• Print Edition 32

    Issue 32 of the Nautilus print edition combines some of the best content from our issues on Reopening, Energy, and Risk. It includes contributions from paleoclimatologist Summer Praetorius, Roomba inventor Joe Jones, and film director Walter Murch, among others. This issue also features a new illustration by Myriam Wares.   

  • twin tower beams

    This Is Why Americans Are Irrationally Anxious About Terrorism

    On September 11, 2001 I was living and teaching in Providence, Rhode Island, a town that is on the short flight path between Boston, where terrorists boarded two passenger airliners, and New York, where these planes were flown into the twin towers of the World Trade Center. In the following days, the whole campus seemed […]

  • Titan Saturn System Mission hero

    Here’s What We’ll Do in Space by 2116

    In a mere 60 years, we of Earth have gone from launching our first spacecraft, to exploring every planet and major moon in our solar system, to establishing an international, long-lived fleet of robotic spacecraft at the Moon and Mars. What will we do in the next 100 years? With such rapid expansion of capability, […]

  • infinite clock

    Why Our Universe Doesn’t Have a Birthday

      The main elements of the Big Bang model are “easily listed,” says Jim Peebles, the Albert Einstein Professor Emeritus of Science at Princeton. The model holds that the large-scale structure of the cosmos is expanding faster and faster and that, on average, the universe looks close to the same no matter where you look. […]

  • solitary confinement

    Why the Teenage Brain Isn’t Built for Solitary Confinement

    Johnny Perez was 16-years old when he was arrested for gun possession and admitted to Riker’s Island. Within months, he did his first round of solitary confinement: 60 days in a 60 square-foot cell. The punishment was for fighting to use the telephone. Between the pushups, the jumping jacks, and the officers taunting him, the […]

  • pythagoreans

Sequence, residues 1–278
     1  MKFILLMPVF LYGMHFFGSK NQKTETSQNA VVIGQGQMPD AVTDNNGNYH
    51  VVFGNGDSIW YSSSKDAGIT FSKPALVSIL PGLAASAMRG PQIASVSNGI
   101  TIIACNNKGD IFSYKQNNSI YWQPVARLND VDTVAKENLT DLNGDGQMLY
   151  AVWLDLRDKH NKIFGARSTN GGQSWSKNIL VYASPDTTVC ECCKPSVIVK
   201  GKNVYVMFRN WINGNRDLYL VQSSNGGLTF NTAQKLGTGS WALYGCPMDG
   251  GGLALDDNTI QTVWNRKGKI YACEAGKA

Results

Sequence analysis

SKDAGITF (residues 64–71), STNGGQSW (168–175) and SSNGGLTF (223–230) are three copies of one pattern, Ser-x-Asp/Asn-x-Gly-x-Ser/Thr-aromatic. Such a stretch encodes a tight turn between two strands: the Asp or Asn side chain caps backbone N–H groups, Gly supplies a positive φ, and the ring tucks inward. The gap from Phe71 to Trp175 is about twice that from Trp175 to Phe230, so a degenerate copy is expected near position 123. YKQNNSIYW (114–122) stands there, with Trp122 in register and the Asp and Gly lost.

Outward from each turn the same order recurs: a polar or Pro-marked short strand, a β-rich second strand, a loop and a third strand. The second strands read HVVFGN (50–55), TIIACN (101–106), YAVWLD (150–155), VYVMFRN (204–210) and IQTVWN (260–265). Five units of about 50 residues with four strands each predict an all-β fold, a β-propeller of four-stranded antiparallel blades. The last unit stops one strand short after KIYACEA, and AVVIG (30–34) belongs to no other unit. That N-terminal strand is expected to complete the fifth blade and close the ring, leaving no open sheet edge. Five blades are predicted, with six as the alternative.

How a Mathematical Superstition Stultified Algebra for Over a Thousand Years

    Like most people, my high-school training in mathematics involved next-to-no history, barely touching on the names of a few mathematicians, like Pythagoras, and their theorems. I graduated only vaguely aware that geometry came from ancient Greece and algebra came from the Babylonians. A decade later, as a graduate researcher of chemical engineering at the University […]

  • clock on tracks

    How Where You Are or What You’re Doing Alters Your Sense of Time

    maradon 333/Shutterstock How we think of time can lead to some odd results. For example, imagine your co-worker says next Wednesday’s meeting has been moved forward two days. When is the meeting going to be held? Your response can be predicted by how you see your relationship to time. If you see time flowing toward […]

  • Steele_HERO-2

    The Man Who Would Tame Cancer

    Patrick Soon-Shiong is opening a new front in the war on the deadly disease.

  • water bucket

    This Is Why Understanding Space Is So Hard

      If all the matter in the universe suddenly disappeared, would space still exist? Isaac Newton thought so. Space, he imagined, was something like Star Trek’s holodeck, a 3-dimensional virtual-reality grid onto which simulated people and places and things are projected. As Newton put it in the early pages of his Principia: “Absolute space, of […]

  • Curry_HERO-3

    Men Are Better At Maps Until Women Take This Course

    A bit of education can erase a definitive cognitive gap between men and women.